Meryl Streep is at it again with her take on the devoted music lover who just can’t hit the right note
One of history’s most infamous singer is singing away in the big screen and who else but Meryl Streep to do her justice. Stephen Frears has made a film that is a surprising look at Florence Foster Jenkins. We get to uncover layer after layer of this bubbly harmful yet horrible singer. Jenkins (Meryl Streep) is just your typical music enthusiast that happens to be born with a horrible singing voice. As she tries to get herself seen, the people around her such as Cosme (Simon Helberg) and St. Clair (Hugh Grant) try to get rid of all the negative reviews that may sadden her.
As much at it is a story of ambition and dreams, it is also a funny movie with over the top caricatures of real life characters. This helps enable some very funny scenes that would never happen with more down to earth characters. That caricature feel transcend unto the whole movie. It does have a stranger than fiction gloss that is weird for a movie that is directly adapted from real life events. However, the movie does a great job transitioning from the more comic moments to the dramatic emotion filled moments.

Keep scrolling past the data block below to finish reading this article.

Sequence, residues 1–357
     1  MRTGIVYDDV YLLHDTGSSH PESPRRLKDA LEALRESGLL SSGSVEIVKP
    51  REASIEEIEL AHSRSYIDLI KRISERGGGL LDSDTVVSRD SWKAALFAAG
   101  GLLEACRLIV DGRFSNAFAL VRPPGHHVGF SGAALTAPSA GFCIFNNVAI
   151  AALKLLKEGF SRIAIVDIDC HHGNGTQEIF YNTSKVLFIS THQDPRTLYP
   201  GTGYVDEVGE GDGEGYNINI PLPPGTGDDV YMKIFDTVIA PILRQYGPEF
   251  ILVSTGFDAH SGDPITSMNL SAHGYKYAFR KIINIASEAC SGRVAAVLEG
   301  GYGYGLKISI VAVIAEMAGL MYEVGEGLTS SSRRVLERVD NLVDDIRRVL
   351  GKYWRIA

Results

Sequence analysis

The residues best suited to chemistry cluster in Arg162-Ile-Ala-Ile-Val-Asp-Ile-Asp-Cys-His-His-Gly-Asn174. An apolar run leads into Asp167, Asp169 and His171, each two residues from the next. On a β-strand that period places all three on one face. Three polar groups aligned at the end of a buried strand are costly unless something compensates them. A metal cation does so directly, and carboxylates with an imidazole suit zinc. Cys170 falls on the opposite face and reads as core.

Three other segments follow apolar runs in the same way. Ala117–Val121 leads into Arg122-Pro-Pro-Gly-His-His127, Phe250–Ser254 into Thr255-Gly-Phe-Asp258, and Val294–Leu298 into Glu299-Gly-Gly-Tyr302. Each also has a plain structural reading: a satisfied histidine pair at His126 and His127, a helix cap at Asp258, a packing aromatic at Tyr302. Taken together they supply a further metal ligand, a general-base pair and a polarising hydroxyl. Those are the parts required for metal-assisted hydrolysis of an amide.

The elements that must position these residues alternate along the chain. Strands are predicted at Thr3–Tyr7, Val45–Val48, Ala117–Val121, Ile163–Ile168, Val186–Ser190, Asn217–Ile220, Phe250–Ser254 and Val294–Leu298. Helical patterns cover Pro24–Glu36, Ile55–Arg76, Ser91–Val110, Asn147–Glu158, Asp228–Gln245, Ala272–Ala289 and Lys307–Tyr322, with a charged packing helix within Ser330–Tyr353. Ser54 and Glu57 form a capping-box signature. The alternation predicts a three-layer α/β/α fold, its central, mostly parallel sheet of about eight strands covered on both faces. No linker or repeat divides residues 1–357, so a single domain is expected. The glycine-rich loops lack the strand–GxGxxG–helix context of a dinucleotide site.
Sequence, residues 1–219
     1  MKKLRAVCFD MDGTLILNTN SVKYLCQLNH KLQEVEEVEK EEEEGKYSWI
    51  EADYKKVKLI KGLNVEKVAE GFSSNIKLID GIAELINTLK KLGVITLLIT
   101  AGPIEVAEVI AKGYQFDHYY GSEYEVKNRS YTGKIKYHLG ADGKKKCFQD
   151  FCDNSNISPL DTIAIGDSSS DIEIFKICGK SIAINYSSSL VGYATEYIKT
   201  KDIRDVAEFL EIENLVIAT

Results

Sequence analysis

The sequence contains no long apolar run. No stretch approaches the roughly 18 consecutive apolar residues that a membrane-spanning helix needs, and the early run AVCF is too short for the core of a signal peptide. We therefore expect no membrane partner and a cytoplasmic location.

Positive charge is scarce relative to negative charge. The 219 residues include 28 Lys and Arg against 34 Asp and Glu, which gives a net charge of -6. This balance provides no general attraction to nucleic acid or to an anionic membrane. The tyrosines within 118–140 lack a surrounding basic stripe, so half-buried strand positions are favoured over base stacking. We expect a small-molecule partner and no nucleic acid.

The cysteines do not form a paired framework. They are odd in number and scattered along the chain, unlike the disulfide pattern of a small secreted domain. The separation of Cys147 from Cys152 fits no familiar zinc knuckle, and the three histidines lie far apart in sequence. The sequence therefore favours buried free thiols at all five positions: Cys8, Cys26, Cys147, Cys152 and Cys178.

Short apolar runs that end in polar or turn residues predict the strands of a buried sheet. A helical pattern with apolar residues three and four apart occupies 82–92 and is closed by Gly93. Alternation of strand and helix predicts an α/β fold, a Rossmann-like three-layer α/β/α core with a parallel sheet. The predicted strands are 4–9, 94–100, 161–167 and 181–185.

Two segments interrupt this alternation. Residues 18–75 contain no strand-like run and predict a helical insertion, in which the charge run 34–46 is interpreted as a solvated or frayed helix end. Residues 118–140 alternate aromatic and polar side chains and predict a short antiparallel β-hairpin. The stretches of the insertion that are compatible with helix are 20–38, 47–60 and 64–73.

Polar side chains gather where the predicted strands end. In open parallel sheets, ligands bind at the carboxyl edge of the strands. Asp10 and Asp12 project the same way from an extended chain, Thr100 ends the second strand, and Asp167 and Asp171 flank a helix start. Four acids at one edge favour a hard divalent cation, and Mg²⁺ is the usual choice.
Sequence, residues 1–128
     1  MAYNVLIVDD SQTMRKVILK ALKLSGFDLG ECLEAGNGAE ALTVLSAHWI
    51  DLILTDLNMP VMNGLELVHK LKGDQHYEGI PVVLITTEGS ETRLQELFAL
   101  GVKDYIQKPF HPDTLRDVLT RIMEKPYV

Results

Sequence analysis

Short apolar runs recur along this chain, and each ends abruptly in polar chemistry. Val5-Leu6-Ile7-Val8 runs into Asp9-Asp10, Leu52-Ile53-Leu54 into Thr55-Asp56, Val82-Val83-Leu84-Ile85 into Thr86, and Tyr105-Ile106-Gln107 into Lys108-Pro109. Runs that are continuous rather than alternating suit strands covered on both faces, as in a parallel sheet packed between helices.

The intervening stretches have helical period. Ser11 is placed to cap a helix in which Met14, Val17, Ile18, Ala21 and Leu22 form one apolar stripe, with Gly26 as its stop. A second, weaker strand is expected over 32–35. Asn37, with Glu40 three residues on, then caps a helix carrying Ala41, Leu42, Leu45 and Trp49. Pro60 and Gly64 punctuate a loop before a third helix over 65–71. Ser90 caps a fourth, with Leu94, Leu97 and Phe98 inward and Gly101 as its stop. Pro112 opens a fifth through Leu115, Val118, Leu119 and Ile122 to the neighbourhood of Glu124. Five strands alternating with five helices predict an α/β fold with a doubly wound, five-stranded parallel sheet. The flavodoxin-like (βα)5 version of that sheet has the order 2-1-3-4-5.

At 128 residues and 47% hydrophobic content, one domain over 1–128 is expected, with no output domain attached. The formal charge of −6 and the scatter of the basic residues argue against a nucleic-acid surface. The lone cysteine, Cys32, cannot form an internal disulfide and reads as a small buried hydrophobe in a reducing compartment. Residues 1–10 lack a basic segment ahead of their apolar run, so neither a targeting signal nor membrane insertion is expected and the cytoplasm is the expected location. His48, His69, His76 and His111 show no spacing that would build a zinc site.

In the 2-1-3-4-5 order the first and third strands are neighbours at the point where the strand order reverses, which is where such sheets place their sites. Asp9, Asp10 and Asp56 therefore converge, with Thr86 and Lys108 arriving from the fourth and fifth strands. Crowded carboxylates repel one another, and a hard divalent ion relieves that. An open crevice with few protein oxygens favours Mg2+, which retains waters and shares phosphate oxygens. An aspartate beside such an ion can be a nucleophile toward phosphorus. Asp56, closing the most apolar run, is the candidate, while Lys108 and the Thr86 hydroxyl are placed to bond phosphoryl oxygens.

Meryl Streep owns up and leads the movie as anyone would expect. However, a great surprise was thrown in this movie. Simon Helberg was fantastic as the introverted piano player. His looks and high pitch voice acting is perfect for the role. As for the other supporting cast, do their job, but nothing stand particularly out. There’s even some characters which were wasted.
The mistress character and her storyline was wasted. Nothing ever came of it and the story felt like a waste of time. There could have been many dramatic and even comic moments out of that very story line and the movie does only one. Except for that one scene, everything about that story line doesn’t work. From the confusing introduction to the wasteful end, it’s the one plot device that could’ve been cut out of the movie.
As much of a waste of time that the mistress story line was, nothing was as forced as the ending. Although they did a good job transitioning from drama to comedy and comedy to drama, they completely missed it right at the end. It was more dramatic than the entire movie and it suffered from a dramatic tonal shift. On top of that, the ending could be seen from a mile away and the director just didn’t know how to end it another way.
Even with some forced elements and a predictable ending, Florence Foster Jenkins offers some dramatic and comedic fun. Meryl Streep and Simon Helberg carry the movie through some tough times, but this movie could’ve been more than it actually is.